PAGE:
-My longest stay in Russia was in the early 90’s as Odessa Philharmonic and conductor Hobart Earle took the orchestra (and two of my works), on a tour that also included Kiev, Moscow and St. Petersburg I believe. I traveled with the orchestra and shared rooms with musicians or stayed in private houses that would host us. I could get a closer look at Russian culture and its people. At that time they idealized Western Capitalism and they were starting to consider that perhaps there was a way out of their imposed isolation.  Musically and historically, there was so much to learn and see in this tour that I couldn’t soak it all in. I remember getting lost in Moscow, spending hours in absolute bedazzlement on red square and buying an overcoat on GUM which I used in Vienna for years… then getting lost on the way to the rehearsal at Dom Compositor which I almost missed. I also got lost again at the airport and the orchestra almost left without me. I'm sure I must have been a nightmare for the poor KGB agent in charge keeping up with me.  I would love to come back and spend more time and get to know better this beautiful country an culture. I still day-dream of taking the Orient Express from Moscow to Vladivostok and spend months totally "lost". If only my schedule allowed it…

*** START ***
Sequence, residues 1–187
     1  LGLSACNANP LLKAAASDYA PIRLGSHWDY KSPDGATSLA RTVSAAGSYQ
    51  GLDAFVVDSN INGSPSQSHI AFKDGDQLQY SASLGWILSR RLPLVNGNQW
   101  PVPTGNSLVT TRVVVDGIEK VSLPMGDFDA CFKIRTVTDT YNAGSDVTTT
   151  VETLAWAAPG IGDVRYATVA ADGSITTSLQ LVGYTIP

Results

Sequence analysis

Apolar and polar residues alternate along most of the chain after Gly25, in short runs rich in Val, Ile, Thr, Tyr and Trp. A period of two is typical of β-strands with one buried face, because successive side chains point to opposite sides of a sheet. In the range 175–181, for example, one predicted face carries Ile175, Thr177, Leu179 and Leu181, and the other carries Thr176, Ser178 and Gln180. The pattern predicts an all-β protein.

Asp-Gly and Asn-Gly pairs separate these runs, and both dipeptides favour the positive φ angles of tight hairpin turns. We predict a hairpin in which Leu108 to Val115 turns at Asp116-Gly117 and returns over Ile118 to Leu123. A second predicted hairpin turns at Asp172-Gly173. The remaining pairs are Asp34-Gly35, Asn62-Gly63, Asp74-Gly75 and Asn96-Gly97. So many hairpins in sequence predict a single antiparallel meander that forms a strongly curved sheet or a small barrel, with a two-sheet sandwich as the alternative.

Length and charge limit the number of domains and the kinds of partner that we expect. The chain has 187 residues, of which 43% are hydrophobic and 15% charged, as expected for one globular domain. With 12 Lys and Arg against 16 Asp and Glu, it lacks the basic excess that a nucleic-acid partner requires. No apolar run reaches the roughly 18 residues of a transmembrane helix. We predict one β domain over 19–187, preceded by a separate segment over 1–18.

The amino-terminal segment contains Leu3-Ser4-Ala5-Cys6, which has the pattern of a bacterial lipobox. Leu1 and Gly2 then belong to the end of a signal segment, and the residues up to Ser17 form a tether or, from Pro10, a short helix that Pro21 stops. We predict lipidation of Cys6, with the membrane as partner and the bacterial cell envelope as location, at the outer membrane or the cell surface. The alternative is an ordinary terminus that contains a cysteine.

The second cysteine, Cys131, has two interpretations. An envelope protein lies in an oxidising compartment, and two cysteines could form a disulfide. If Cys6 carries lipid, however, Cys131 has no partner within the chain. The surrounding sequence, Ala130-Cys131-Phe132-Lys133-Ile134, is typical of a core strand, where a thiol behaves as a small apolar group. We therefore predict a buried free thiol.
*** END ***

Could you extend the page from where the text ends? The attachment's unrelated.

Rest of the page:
- Several years ago you were nominated for a Latin Grammy for your “Salon Buenos Aires”. What were your feelings at the moment when you saw your name in the list of nominees?

-I was very surprised. I don’t keep up with awards or competitions.  I think art is a very subjective thing and it is impossible to judge its quality in absolute terms. I was however very moved and honored that my colleagues voted for the Salon Buenos Aires CD  and fro my composition Clocks, and thought they were deserving of the Grammy distinction. It was this recognition from my fellow artists what meant most to me in this nomination.

-You are the founder and director of the young musicians group Voices. What are the difficulties you have come across in your work?

-My group VOICES has been dormant for a few years now but it was very active for a long time and helped discover many young talented musicians, send them to good schools all over the world and jump-start their careers. I think one of our main obstacles we  faced was the mind-set up of some parents, administrators  and even teachers who were not receptive to new ideas and wanted to apply the rules of academia to the arts and to our group. We did crazy things and that was precisely what set us apart from others and got us final recognition and larger audiences.

-Have you ever written music for Russian musicians? How would you respond to such a proposal?

I was never commissioned to write music for Russian orchestras or musicians although my works have been performed quite a lot by them, and are today part of the repertoire of many Russian ensembles.

-What can you advise young beginner composers who dream of a Grammy nomination after reading this article about you?

-My advice is: Don't dream of it! Do your work as if nobody is watching and write the music that comes from your heart without caring about what's fashionable or what the rest of the world thinks you should be writing.


Dina Mukhamedzyanova

: miguel del aguila, famous composer, grammy a, montevideo , salon buenos aires, usa, vienna state opera,